You’ve heard it before: People come for the skiing and stay for the summer. That’s because Park City is an amazing place to be year-round.
When the valley is scorching, it’s a few degrees cooler in the mountains, so folks come to explore the miles and miles of biking and hiking trails, to dance at live music festivals and to enjoy the plentiful al fresco dining and drinking.
When I was young, my mom would pack a picnic and haul us all to Park City for the day. We’d hike in the mountains and find a beautiful spot to munch on tuna fish sandwiches and swig Fresca. After, we’d head to Main Street to browse the shops — mostly local artists — and stop by the Rocky Mountain Chocolate Factory to get an ice cream cone or slice of fudge before heading home. Back then, Park City was just Main Street and a few colorful houses.
Over the years, the town grew. Our summer days in Park City had more to offer. We raced down the alpine slide, got up early to watch Autumn Aloft, the annual hot air balloon festival, and found treasures at the Park Silly Sunday Market. As I got older, I hiked farther and farther into the mountains. My favorite afternoons were spent following foot trails and resting in alpine meadows. Park City’s breathtaking vistas have been captured by photographers like Johnny Adolphson, whose brilliant landscapes showcase this area’s dazzling beauty.
One of the first concerts I ever attended was at ParkWest (now Canyons Village at
Park City Mountain) to see the Eurythmics in 1984. I remember Annie Lennox’s orange hair as she crooned “Sweet Dreams (Are Made of This),” her contralto tones reverberating in the clean mountain air. I even got married in Park City — in an old pioneer schoolhouse that was transformed into the Park City Community Church (now condos and apartments) — and had my reception at Adolph’s (since closed). Park City was a gem, a place where I found peace; a charming small town that guarded the soul of the mountains that held it.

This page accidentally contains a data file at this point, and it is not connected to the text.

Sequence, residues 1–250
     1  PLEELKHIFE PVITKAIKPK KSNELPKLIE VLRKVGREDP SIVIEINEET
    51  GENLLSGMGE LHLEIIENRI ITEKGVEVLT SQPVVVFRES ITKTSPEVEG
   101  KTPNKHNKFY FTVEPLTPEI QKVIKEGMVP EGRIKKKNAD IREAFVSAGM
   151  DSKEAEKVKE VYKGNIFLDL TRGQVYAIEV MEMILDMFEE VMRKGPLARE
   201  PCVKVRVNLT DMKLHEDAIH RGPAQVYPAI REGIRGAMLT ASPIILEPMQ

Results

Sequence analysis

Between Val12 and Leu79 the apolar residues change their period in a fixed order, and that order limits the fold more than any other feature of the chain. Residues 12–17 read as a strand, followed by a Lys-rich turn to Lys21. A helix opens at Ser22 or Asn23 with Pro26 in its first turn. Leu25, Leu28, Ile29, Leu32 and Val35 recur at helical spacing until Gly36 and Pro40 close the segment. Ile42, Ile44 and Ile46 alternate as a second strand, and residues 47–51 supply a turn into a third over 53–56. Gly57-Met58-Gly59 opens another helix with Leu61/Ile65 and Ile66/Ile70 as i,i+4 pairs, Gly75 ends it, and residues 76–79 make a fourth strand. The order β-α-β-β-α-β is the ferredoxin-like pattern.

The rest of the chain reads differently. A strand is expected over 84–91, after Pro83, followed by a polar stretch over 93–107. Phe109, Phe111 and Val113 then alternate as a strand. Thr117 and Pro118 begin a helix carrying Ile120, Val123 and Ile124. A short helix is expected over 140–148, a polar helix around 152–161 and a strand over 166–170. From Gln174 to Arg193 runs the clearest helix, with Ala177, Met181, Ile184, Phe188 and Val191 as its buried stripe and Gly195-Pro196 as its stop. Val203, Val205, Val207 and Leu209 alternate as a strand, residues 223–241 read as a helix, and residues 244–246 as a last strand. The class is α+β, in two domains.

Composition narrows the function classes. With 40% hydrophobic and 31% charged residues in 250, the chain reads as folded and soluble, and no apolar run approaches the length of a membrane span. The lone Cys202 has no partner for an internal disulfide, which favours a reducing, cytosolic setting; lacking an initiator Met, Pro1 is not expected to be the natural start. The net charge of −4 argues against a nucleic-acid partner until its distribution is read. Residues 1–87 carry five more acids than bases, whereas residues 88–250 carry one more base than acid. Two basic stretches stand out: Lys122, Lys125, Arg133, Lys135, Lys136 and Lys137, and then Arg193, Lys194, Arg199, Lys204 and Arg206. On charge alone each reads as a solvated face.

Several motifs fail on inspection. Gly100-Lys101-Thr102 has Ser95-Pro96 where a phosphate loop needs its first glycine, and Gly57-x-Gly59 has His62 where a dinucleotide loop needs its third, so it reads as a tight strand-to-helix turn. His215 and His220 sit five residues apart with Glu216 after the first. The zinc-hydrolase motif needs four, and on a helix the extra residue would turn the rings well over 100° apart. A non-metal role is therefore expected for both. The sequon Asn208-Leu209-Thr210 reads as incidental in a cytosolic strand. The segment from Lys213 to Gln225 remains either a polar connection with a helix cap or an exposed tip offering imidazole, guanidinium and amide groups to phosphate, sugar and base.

Over the years, it’s grown more than anyone could have imagined. Now, it’s a place that offers something for everyone. There’s shopping and golf. Beer festivals and wine tastings. Luxury spas and high-end restaurants. Horseback riding and boating. You can don a silly costume and join the Tour des Suds bike race, ride the zip line at the Utah Olympic Park or browse the galleries during the Gallery Stroll on the last Friday of each month.
Park City has evolved into a stunning outdoor playground, thanks to the many locals who’ve invested their time, heart and vision. In this issue, we talk to the people with a passion for play. People like Bob Radke, who spent 17 years crafting trails for Snyderville Basin Recreation and is responsible for building dozens of the most well-loved trails in the Wasatch Back. Or Julie Minahan, director of Young Riders, a program that gets kids on their bikes and teaches them how to read trail maps. Then there’s Shaun Deutschlander, who founded Inspired Summit Adventures, a guide service for mountain biking, hiking and camping adventures.
In a town that’s home to many international athletes, you never know who you’re going to brush shoulders with on the trail. Including people like Marty Jemison, a two-time Tour de France competitor and former U.S. National Road Race Champion.
Sounds too good to be true, right? It is. There’s a price of admission to this amazing playground. Park City once had abundant wildlife; it wasn’t uncommon to see moose, deer, elk, coyotes, fox, eagles, bears — and even mountain lions. But the influx of people on the trails and the number of new homes being built on animal habitats has changed all that.
The Utah Division of Wildlife Resources has come up with some creative solutions to minimize the conflict between humans and wildlife and to protect precious areas and the creatures that live there. And Park City’s environmental sustainability department has set North America’s most ambitious climate goal: for the whole community to be net-zero carbon and run on 100 percent renewable electricity by 2030.
But it’s also up to us, the people playing in this majestic playground, to care for it. So sure, come and play, there’s plenty to do. But be a good steward, too. Learn trail etiquette and pick up trash. Vote for people who care about preservation and sustainability and help us all conserve this natural playground so that future generations and the wildlife that call this place home can enjoy it too.